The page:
The book is intended to be applicable to any social movement, with his examples frequently alternating between animal advocacy, environmentalism and other causes. This does not significantly detract from its value for animal advocates (even if some of the specific suggestions aren’t directly relevant), although I suspect that advocates for other causes might find that the book focuses on issues most pertinent to animal advocacy.

The structure of the book is simple. Chapters 1 to 3 lay out a variety of cognitive biases that affect how successful various types of advocacy efforts are likely to be. This section leaves you with the impression that successful advocacy is incredibly difficult, and that you shouldn’t rely on your intuitions.

After building up your sense of the gravity of the problems (in the manner of a successful salesman?), Cooney then moves on to demonstrating solutions for the issues. Chapters 4 to 7 all list a huge number of “Tools of Influence” to support our advocacy. The final three chapter then contain wider social scientific learnings and business strategy ideas which put the ideas from the rest of the book into context.

The book is therefore packed full of useful information. Here are some of those who might benefit, organised roughly in order of who I think would benefit most:

  • Advocates hoping to increase the effectiveness of their individual outreach, or increase their chances of success in discussions with corporate, institutional or governmental contacts, partners and targets
  • Those currently working for non-profit organisations who might want to read through to see if the ideas contained might help to streamline their work, and improve efficiencies.
  • Aspiring social scientists, EAA researchers, or those working in non-profits interested in measuring the impact of their own programmes, to read through the first few chapters to broaden their understanding of how cognitive biases might affect their research.
  • If you are already familiar with both psychology and the animal advocacy movement, you might not learn as much from this book, although I imagine that it might still piece some ideas together in ways that you had not already done yourself.

The wide appeal of the book necessarily means that it won’t be consistently 100% useful, word for word, for any one reader. It contains an overwhelmingly large number of useful new ideas for those new to the field of psychology, which makes the book almost intimidating to use.

For those under time pressure, I’d encourage you to follow one of these two strategies to get the most out of the book:

  • Read this list I have created of 23 of the different cognitive biases and 42 of the tools referred to in the book. This list cuts out much of the useful explanation and examples given in the book, but condenses the key concepts. You could copy and paste the information into a separate Excel/Google sheet and add an additional column for the relevance of the concepts to your work. I would advise also buying the book, so that you can look up the specific examples and relevant studies, as and when appropriate.
  • Flick through the book, looking at the clearly labelled subtitles, and stopping to read those strategies which seem most useful for you.

As usual for such books, the Kindle edition is relatively cheap, but the paperback is more expensive than most paperbacks. It gets 4*s anyway, because the book is so packed full of information, most readers would easily get their money’s worth!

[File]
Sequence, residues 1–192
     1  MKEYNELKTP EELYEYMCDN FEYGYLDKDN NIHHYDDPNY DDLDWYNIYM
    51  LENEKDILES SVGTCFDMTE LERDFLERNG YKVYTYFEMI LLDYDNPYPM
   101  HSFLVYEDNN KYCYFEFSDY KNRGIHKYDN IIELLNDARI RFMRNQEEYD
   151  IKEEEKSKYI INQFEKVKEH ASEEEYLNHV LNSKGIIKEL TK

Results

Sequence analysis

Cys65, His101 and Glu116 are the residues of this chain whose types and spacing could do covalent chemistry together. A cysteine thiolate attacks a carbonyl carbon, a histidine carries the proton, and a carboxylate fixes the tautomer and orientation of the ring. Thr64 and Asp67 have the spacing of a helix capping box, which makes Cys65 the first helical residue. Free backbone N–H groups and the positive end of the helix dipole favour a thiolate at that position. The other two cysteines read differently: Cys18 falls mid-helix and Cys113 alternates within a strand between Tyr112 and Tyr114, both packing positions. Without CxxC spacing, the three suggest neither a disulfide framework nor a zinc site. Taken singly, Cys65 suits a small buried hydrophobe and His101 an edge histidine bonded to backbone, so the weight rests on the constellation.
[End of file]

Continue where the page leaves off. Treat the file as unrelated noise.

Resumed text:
For those looking for easier (i.e. less research-heavy) introductions to effective animal advocacy outreach, I’d recommend starting with Friedrich and Ball’s Handbook or Leenaert’s book.

Note, that whilst I am fairly unreservedly endorsing the helpful information and advice contained within Cooney’s book, I am not endorsing his personal conduct. Although I know very little about the issue beyond hearsay, this article addresses some of the concerns. It is a complicated issue, so if you are engaging with it, I encourage you to read to the bottom of the article, which includes some replies. The accusations are grave, but we should not stop benefiting from Cooney’s (otherwise unrelated) productive work – to do so would be to prioritise personal purity over effectiveness in reducing animal suffering.

An additional criticism might be that some of Cooney’s suggestions essentially accept (and therefore, implicitly endorse?) certain assumptions and prejudices. To reject these strategies in favour of challenging privilege might lead to reduced effectiveness in the short term, but might be considered important for the long-term health of the movement, or for its intrinsic value. I don’t have strong views on this issue, but if your views are stronger than mine then you might reject some of the advice in the book, although only a relatively small proportion of the book would be affected. Those interested in the topic might find Melanie Joy’s new essays on privilege useful.

There are some other reviews of Cooney’s book. This one has some interesting rough and ready estimates about the (meta level) impact that this book might have on the effectiveness of animal advocates.

Book review: Neil Rackham (1995) SPIN Selling (Gower Publishing Limited: Aldershot)

Price: ***
Ease of use: ****
Value for EAA beginners: *
Value for EAA pros: ***

SPIN selling is a book on sales techniques in major sales written for “practising salespeople and their managers” which I think is nevertheless useful (to varying extents) for those involved in Effective Altruism movement building, as well as for vegan outreach, be it in a personal, corporate or institutional setting.